So yes, there are regulatory impediments to competition, but I don’t think this form of “cutting regulations” means what the 1%ers on the Jobs Council and the big corporate-elites think it means.
Education
On education, the Jobs Council recommends,

In order to stay competitive in a global age, we must invest in our future by ensuring Americans have the right education and skills to realize their full potential and drive our nation’s economic success. … These measures will create a purposeful educational system that produces work-ready graduates, satisfied employers with access to a talented labor pool, and a vibrant economy poised for growth and success.

Trumka writes,

With respect to the education section of the report, I believe that the Jobs Council’s education recommendations begin and end in the wrong place: focusing on providing businesses with an endless supply of workers — as opposed to supporting, improving and sustaining a strong public education system.

So the report calls on government to reconfigure our education system to provide companies with trained worker-bees, which means companies don’t have to cough up the dough themselves to train their own workers. The report actually goes even further, basically calling for government to replace think-for-yourself education with do-what-we-say job training. There’s a difference. And they ask for this after already asking for tax cuts, too. Sheesh.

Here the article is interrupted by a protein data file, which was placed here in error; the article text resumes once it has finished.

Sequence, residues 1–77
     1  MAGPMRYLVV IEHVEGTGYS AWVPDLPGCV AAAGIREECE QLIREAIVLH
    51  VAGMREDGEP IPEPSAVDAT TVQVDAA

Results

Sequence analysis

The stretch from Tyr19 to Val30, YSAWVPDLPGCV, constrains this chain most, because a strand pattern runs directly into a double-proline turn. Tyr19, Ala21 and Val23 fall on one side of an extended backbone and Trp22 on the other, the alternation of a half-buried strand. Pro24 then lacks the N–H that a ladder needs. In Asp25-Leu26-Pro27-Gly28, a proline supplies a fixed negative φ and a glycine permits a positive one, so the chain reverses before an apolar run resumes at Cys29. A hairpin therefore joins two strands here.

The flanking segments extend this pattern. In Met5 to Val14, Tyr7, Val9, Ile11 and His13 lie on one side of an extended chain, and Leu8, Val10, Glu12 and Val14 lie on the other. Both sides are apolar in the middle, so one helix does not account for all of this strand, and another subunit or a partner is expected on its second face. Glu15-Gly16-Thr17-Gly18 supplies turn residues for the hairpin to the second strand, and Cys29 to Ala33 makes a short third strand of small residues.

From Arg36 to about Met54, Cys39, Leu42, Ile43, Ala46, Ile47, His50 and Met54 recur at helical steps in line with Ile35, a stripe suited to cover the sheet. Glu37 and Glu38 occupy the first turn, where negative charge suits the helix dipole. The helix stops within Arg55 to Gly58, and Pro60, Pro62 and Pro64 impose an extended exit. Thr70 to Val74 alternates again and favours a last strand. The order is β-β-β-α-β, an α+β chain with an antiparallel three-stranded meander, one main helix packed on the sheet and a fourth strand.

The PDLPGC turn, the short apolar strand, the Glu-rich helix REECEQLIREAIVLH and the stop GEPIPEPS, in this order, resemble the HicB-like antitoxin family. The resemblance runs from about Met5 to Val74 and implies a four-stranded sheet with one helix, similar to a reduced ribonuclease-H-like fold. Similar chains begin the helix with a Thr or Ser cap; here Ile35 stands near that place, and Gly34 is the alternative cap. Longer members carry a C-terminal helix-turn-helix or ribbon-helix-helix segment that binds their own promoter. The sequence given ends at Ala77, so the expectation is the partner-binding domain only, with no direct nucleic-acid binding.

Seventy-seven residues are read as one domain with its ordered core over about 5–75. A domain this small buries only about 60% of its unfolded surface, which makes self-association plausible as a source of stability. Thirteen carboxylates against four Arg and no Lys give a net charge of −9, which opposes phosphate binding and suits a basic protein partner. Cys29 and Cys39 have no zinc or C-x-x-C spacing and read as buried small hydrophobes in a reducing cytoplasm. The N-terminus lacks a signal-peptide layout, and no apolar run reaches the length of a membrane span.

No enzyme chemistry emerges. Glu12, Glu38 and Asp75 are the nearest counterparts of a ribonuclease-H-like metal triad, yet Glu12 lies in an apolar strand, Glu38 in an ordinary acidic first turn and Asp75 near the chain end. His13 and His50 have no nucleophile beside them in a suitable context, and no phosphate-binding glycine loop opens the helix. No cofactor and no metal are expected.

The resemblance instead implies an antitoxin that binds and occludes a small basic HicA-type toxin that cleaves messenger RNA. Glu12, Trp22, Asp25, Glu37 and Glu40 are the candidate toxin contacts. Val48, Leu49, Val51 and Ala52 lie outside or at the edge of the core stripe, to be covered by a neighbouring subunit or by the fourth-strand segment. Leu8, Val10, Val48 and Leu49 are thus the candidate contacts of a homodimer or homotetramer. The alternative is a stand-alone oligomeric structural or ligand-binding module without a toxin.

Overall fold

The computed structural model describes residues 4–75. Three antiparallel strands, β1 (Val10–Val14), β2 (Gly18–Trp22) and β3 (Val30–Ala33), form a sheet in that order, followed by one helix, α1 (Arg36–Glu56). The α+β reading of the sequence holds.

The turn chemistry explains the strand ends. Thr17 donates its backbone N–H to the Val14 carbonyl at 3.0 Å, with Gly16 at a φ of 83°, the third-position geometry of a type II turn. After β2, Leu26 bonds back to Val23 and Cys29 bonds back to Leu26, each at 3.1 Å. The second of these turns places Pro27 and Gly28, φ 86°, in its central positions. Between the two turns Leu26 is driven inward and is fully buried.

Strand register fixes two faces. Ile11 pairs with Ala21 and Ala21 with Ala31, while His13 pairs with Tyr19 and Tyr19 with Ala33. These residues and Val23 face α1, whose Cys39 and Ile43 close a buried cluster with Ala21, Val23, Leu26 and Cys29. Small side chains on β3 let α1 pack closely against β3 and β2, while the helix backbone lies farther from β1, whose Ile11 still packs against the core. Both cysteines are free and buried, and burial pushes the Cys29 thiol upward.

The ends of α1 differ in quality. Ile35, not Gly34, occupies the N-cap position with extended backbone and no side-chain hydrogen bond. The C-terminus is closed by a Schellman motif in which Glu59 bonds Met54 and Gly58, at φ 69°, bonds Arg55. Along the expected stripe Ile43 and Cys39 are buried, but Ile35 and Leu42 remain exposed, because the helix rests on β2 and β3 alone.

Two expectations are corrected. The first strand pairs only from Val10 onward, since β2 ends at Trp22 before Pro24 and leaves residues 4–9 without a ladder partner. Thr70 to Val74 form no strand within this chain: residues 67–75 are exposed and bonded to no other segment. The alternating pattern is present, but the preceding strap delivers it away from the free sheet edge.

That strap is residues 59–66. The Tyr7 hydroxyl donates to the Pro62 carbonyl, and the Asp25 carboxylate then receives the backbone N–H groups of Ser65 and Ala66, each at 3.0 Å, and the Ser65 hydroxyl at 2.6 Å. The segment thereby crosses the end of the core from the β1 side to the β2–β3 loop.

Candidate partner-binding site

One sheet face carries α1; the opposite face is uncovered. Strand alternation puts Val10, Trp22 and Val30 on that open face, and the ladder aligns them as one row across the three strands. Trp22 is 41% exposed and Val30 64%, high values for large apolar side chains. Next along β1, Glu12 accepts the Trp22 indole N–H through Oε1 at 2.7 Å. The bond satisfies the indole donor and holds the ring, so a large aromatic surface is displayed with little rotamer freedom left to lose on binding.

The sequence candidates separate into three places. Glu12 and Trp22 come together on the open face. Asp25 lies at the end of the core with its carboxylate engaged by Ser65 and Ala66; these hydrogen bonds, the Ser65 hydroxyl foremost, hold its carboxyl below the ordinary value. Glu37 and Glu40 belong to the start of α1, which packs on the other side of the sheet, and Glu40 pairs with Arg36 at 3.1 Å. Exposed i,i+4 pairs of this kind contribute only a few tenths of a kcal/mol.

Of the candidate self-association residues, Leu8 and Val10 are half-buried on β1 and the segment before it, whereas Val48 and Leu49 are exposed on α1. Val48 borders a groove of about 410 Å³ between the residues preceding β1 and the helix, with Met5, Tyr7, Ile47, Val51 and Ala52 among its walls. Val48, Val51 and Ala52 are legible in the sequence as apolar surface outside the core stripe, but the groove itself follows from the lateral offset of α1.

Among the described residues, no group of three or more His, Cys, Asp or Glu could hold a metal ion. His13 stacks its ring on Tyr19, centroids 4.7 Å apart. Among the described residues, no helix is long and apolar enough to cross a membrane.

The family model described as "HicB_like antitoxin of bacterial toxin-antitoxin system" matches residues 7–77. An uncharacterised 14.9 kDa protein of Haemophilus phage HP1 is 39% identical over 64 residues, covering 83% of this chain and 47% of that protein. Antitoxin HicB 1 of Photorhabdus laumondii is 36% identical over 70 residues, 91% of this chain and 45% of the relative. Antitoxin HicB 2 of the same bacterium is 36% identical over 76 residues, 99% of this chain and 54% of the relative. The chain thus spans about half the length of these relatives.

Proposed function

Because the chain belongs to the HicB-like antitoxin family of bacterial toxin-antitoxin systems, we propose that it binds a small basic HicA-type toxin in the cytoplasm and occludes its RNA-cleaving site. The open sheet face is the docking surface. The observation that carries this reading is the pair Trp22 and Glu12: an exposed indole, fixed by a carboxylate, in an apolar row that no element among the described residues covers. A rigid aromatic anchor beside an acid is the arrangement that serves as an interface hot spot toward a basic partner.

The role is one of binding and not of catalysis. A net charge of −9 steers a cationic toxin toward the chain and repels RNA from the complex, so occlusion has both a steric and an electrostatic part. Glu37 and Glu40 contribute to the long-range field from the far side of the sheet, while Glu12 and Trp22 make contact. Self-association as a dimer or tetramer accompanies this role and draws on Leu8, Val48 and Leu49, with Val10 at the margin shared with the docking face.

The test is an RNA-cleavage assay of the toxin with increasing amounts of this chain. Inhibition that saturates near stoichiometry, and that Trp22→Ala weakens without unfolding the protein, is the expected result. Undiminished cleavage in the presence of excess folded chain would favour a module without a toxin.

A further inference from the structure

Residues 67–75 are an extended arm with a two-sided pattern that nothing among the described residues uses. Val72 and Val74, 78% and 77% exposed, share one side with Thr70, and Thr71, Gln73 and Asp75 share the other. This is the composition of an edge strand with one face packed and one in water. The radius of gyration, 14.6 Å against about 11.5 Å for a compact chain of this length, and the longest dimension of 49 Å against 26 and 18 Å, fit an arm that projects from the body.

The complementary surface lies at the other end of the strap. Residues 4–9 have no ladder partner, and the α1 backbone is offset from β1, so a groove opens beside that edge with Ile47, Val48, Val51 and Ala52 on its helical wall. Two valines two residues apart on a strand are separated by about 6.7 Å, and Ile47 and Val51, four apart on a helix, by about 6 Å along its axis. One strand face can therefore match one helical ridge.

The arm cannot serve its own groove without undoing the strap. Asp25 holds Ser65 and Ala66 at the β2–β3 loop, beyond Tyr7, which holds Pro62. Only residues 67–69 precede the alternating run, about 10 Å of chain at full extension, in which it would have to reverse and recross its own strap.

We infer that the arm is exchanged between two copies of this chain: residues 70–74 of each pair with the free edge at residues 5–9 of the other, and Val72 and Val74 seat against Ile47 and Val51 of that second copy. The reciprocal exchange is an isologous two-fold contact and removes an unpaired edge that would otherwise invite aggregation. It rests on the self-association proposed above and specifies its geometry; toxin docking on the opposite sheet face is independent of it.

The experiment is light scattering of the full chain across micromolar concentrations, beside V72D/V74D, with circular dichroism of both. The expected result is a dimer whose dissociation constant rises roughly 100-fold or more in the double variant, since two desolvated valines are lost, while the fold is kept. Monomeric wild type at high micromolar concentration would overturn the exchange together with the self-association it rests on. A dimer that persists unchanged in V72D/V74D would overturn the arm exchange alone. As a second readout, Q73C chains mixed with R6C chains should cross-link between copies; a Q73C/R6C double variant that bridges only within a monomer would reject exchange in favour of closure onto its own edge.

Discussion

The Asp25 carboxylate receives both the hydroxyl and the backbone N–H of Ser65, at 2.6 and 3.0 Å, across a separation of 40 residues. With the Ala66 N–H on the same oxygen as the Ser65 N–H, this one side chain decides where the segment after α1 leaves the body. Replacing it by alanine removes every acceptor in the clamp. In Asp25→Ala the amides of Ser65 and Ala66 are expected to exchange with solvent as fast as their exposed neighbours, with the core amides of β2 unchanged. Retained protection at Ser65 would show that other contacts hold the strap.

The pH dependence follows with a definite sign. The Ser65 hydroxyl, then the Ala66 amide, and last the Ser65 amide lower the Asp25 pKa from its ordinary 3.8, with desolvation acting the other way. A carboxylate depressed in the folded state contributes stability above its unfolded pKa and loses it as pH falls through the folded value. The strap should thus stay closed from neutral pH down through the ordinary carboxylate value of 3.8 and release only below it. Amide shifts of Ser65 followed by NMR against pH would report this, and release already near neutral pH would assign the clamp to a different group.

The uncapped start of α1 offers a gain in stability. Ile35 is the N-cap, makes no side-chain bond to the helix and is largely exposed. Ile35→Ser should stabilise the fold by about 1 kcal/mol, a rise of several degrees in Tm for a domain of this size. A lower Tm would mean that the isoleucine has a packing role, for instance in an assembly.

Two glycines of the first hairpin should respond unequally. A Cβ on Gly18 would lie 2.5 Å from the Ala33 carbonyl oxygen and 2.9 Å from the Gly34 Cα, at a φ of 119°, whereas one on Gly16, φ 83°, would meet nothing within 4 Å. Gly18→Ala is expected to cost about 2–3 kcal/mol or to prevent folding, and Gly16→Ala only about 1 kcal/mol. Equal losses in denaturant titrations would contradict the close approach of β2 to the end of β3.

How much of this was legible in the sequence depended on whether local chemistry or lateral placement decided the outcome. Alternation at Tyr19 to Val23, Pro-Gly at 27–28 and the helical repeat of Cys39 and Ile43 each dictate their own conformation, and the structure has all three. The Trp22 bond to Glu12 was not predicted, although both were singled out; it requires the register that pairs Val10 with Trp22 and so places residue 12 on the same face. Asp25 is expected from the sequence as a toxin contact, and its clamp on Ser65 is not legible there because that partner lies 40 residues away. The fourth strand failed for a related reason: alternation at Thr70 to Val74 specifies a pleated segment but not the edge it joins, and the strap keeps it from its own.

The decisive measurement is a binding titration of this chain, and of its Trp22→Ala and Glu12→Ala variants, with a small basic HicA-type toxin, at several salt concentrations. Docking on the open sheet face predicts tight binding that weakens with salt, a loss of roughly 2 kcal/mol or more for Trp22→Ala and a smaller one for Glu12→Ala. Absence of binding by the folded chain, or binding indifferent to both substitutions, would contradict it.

The Rest
On energy the 1%ers of course mean “drill, baby, drill.” But the council is correct, we do need to go “all-in” on energy, with massive Green Energy investment, freeing us from the damage Big Oil and King Coal do to our environment, our economy, our politics and our democracy.
On manufacturing the council notes that since 1980 manufacturing has slipped from 20% to only 9% of total employment,. The report calls for adding “three to four percentage points of global value added market share—an ambitious but achievable goal.” They say we should :take share from our global competitors.” There are wonky but great suggestions like “cluster development” and important ideas like going after in promising new manufacturing sectors. The President has formed an Office of Manufacturing Policy that is taking up many of the kinds of recommendations in this report.
In fact, we also need to rewrite our trade agreements so they provide a win-win for the working people here and across our borders, and incentives to manufacture here rather than move jobs, factories, companies and industries out of the country.
And So In Conclusion
Trumka sums things up nicely at the end of his dissent:

Perhaps most profoundly, the report does not ask the critical question: why is our country suffering a manufacturing crisis, complete with massive job loss and a structural trade deficit, when countries with higher overall taxes, higher wages, and more robust health, safety and environmental regulations are enjoying trade surpluses?
The answer lies in the view that we share with so many of our fellow Americans: that our country has become dominated by the interests of the wealthiest 1% at the expense of the remaining 99%. It turns out that a country run in the interests of the wealthiest 1% systematically underinvests in public goods;systematically silences, disempowers, and underinvests in its workers; and in the end is less competitive and creates fewer jobs than a country that focuses on the interests of the 99%.